Edmonton

Edmonton is the only city in Canada typically considered a part of the American Midwest. This Canadian city is located in Alberta, north of Montana and North Dakota, and south of Saskatchewan. Edmonton is also an isolated exurb surrounded by wilderness with no urban sprawl on its outskirts.

Edmonton, Canada

Edmonton, Alberta, is a city incorporated in 1904 and has 932,546 people. As the capital of Alberta, Edmonton is near the province’s geographical center on the North Saskatchewan River. Edmonton is also known as The Gateway to the North because it has a lot of trade with far-away places. Edmonton is the capital of Alberta and is on the North Saskatchewan River. Alberta’s central region surrounds Edmonton, and the city anchors the north end of the “Calgary–Edmonton Corridor.”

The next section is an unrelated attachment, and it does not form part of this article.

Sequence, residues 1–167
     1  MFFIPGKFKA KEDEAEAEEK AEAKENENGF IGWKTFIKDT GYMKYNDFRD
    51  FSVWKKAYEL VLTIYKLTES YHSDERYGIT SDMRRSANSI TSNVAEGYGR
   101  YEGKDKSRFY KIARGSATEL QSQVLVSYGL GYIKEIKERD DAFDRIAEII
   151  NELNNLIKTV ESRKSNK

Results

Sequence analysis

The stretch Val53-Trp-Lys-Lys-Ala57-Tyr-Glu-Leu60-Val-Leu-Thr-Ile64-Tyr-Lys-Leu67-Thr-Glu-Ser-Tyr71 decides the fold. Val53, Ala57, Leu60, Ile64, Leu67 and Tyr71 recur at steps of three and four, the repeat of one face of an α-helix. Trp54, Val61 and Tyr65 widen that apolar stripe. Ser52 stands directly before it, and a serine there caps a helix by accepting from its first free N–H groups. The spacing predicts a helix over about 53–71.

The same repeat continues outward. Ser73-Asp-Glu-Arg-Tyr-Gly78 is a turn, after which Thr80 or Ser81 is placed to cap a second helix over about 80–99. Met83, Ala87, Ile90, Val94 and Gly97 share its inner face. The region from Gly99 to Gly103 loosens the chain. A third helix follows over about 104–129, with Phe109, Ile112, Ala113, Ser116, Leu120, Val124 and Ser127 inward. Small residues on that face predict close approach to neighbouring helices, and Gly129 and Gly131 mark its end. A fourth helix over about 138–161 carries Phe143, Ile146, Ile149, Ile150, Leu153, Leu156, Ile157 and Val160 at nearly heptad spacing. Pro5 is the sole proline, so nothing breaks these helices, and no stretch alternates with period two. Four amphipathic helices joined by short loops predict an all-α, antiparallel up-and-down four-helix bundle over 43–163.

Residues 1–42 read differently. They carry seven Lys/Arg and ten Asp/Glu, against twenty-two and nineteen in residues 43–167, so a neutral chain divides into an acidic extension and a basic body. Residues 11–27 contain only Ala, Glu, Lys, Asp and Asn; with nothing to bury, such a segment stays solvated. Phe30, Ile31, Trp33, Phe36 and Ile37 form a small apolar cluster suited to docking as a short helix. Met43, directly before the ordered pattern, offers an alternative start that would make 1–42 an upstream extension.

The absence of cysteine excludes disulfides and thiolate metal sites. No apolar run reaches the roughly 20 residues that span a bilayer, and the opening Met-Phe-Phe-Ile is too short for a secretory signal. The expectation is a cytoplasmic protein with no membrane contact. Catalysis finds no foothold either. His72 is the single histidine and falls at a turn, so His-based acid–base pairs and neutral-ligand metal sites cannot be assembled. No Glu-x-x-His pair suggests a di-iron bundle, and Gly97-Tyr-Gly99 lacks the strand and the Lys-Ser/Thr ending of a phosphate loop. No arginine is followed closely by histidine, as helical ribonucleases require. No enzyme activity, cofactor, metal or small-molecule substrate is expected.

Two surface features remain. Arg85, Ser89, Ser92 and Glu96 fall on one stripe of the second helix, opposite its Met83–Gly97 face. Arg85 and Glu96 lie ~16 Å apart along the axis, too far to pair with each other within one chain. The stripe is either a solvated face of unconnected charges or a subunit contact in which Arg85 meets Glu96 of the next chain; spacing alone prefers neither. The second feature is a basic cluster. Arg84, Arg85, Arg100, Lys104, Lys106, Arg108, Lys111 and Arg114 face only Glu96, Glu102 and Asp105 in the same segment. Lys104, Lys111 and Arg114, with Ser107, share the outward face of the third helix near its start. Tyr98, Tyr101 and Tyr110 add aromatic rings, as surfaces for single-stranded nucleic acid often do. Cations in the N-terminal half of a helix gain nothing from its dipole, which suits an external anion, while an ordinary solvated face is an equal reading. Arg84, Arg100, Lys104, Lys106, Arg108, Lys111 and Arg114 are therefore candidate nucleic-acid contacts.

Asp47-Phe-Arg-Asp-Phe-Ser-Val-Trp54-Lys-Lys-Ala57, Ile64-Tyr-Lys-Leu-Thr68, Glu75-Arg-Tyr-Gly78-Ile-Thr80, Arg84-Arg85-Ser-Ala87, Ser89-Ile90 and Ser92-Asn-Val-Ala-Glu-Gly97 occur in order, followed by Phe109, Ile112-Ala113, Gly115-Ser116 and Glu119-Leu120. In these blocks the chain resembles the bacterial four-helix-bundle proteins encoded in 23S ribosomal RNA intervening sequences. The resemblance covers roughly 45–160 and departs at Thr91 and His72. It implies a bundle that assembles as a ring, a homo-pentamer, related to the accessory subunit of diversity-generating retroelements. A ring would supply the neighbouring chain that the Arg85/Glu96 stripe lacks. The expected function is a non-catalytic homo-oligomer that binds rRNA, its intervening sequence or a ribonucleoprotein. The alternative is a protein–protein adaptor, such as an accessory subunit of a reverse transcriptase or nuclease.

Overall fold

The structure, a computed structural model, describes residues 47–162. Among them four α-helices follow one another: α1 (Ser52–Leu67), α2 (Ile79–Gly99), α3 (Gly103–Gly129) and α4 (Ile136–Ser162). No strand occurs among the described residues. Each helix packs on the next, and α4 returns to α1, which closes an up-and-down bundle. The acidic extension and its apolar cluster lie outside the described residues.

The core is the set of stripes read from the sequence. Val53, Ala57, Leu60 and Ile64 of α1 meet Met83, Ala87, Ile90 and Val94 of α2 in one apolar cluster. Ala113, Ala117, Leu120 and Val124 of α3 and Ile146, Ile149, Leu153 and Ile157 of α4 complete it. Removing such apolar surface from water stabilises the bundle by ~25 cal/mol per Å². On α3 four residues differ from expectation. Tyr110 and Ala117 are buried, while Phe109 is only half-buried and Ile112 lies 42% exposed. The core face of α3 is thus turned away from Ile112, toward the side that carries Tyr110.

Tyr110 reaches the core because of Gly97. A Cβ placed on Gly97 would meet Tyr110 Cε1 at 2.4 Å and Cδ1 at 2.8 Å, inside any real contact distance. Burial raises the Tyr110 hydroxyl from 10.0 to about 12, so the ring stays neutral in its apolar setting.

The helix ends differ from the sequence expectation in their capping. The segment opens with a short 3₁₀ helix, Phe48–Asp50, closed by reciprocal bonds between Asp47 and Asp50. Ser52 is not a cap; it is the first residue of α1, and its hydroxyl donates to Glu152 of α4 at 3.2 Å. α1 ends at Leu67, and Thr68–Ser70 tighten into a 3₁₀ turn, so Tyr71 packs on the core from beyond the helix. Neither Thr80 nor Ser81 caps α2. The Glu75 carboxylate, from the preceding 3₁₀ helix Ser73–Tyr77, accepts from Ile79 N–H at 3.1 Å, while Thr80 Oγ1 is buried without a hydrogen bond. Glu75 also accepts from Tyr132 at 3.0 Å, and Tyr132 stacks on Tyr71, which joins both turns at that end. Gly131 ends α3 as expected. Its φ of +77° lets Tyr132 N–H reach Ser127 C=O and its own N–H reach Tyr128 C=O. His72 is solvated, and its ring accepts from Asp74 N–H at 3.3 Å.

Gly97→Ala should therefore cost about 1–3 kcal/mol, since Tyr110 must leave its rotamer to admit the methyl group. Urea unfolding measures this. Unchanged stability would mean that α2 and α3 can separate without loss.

By 2021, the population of Edmonton was 1.01 million. Including 1.4 million people in the metropolitan area, it had become the 6th largest city and 10th largest metropolitan area in Canada. Edmonton has had a history of massive growth, with the city absorbing five suburbs and annexing 8,260 hectares. Edmonton is known as the “Gateway to the North” because it has historically acted as a staging point for oil sand projects and diamond mining.

Edmonton is Canada’s Festival City. It attracts tourists who attend the festivals year-round. Edmonton is home to the largest mall in North America and the second-largest living history museum in the world.

Google maps Edmonton


Edmonton is the capital of the Canadian province of Alberta. It is located on the banks of the North Saskatchewan River in the central part of the province at an elevation of 671 meters, where the prairies are home to prime agricultural land.

Geography